Australia has so far managed the Covid-19 pandemic as well as anywhere else on the planet, except perhaps our near neighbour New Zealand or the vibrant techno-democracy of Taiwan.
That’s lucky, because if our federal, state and territory governments and our population had not cooperated on the drastic social-distancing measures put in place in the past few weeks, the horrific scenes we’ve seen in New York would be happening right now in Sydney, Melbourne, Adelaide, Perth and Brisbane.
In that alternative universe that we were just a few days and decisions away from, we wouldn’t be hearing restive Australians asking what all the fuss is about. We’d all be angry and energised about the lack of protective equipment and ventilators in our overwhelmed hospitals and we’d all be asking why our governments and our companies couldn’t supply us with what we urgently needed.
That alternative future we have so far narrowly avoided has a close connection to our $40 billion per annum defence organisation, because the Department of Defence and the Australian Defence Force have some eerily similar needs for rapid development and production of technology.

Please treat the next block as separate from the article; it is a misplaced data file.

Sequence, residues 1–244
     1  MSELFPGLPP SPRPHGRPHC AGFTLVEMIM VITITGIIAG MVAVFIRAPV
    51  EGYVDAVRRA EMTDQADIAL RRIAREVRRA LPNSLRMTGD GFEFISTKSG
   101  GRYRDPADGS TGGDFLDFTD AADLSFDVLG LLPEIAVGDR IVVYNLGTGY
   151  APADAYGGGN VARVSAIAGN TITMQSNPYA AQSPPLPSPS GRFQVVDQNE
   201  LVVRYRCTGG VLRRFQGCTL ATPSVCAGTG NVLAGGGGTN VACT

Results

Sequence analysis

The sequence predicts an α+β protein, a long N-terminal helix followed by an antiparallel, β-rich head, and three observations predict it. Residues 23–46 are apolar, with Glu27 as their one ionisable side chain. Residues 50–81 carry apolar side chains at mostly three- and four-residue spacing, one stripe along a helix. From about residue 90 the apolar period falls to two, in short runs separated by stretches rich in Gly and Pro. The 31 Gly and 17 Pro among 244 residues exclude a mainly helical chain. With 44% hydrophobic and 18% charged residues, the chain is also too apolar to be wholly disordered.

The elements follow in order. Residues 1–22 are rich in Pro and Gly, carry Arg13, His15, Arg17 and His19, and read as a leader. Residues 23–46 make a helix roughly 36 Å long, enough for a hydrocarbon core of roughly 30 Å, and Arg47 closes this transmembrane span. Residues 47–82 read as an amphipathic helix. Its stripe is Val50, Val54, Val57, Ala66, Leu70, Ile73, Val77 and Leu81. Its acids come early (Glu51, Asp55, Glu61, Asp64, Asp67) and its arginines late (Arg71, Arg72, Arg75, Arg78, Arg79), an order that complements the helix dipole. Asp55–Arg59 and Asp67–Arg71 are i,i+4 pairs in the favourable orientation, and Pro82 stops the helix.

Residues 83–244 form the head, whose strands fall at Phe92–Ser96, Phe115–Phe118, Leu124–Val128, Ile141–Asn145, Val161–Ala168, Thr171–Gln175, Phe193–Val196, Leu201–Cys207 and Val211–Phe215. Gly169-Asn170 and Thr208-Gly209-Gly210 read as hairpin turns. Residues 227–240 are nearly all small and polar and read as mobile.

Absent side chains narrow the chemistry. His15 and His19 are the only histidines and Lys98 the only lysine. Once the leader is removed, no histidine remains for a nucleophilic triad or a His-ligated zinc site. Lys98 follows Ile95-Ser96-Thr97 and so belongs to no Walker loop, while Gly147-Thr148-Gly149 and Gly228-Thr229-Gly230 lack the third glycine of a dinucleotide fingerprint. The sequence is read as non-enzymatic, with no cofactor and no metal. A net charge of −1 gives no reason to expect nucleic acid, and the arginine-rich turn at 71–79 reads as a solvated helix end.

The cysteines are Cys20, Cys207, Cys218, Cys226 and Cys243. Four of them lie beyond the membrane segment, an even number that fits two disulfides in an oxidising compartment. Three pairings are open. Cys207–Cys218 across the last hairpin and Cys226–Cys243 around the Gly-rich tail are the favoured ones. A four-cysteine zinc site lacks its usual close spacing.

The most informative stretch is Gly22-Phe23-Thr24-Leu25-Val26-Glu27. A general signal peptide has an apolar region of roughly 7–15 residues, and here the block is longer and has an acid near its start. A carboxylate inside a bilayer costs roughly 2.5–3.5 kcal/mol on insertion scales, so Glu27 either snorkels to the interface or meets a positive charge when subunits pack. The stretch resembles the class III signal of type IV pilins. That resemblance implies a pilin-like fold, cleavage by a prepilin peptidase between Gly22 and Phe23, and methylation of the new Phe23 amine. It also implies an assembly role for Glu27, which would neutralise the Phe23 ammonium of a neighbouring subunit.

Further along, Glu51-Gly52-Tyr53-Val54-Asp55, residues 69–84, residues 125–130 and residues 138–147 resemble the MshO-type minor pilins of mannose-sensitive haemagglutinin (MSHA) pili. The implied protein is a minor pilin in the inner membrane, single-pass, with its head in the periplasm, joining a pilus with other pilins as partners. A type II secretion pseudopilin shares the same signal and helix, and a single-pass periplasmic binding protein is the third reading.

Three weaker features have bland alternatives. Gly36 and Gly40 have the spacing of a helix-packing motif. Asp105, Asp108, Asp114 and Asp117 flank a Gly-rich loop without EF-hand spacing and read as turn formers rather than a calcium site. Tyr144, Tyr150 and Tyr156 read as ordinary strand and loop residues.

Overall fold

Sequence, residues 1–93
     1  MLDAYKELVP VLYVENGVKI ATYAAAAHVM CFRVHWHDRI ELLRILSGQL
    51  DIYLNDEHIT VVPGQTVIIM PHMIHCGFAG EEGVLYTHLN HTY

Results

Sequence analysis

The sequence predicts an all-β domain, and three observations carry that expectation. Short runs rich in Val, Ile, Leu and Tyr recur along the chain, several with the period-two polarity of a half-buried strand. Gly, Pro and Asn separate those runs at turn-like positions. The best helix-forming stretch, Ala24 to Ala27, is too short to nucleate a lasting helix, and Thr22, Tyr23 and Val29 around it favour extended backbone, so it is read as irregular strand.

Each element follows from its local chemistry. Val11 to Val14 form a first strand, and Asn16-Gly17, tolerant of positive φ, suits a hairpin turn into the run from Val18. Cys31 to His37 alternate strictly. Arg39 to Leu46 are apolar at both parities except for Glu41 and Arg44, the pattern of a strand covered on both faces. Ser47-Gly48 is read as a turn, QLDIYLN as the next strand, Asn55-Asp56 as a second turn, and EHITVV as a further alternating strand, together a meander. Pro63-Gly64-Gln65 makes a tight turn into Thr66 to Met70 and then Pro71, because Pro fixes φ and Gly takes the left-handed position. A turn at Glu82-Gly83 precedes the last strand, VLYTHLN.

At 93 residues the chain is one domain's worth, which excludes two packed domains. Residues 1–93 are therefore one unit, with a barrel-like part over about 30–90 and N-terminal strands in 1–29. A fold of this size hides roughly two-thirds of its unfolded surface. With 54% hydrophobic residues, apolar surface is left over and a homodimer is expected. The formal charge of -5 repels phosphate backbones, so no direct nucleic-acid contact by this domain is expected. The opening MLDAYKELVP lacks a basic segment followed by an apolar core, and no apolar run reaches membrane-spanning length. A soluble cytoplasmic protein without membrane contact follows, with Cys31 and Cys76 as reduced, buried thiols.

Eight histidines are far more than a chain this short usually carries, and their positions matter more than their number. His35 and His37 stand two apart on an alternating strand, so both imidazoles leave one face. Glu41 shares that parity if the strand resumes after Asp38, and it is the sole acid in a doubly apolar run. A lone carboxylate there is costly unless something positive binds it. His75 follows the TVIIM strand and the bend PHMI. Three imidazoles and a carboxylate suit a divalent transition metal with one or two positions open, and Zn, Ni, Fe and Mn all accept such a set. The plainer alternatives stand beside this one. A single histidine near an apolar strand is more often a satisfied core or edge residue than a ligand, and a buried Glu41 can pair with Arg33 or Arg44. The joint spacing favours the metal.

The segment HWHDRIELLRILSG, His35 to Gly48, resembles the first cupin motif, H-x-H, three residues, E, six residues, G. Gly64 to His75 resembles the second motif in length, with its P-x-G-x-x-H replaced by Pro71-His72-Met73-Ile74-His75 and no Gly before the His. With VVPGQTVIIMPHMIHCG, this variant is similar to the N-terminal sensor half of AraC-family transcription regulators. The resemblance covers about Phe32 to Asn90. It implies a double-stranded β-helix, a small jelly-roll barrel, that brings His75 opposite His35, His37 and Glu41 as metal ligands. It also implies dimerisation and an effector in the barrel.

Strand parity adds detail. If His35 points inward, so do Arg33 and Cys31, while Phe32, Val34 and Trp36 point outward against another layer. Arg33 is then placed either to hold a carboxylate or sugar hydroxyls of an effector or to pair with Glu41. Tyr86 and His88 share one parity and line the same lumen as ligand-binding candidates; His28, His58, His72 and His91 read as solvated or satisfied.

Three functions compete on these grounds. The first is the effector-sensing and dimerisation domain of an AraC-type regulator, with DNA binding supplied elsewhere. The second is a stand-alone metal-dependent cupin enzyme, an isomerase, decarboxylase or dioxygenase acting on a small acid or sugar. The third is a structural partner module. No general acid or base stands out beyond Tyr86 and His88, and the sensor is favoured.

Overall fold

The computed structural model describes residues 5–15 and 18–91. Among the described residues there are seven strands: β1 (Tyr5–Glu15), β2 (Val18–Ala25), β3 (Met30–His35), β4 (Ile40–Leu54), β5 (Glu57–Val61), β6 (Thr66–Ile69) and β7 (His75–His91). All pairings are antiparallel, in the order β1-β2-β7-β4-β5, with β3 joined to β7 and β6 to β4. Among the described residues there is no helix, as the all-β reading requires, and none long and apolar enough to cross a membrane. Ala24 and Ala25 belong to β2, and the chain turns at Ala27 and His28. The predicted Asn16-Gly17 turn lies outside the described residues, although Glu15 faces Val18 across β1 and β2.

So, defence is also the organisation that we should be able to turn to for rapid development and production of systems—whether ventilators or other equipment—in future crises, military or otherwise. That’s the advantage organisations with big budgets and high technology needs have, if orchestrated and organised properly.
It’s not news to anyone involved in defence policy and capability that the rapid change in civil technology is also affecting the balance of advantage between the world’s militaries. For Australia and our allies, there’s a lot of bad news here about Chinese, Russian, Iranian and even North Korean militaries’ and intelligence services’ rapid development and adoption of technologies. Terrorist organisations like Islamic State (no, they’re not dead, not even resting) are also skilled at rapidly making and fielding very dangerous systems—improvised explosive devices, armed drones and even cyber systems.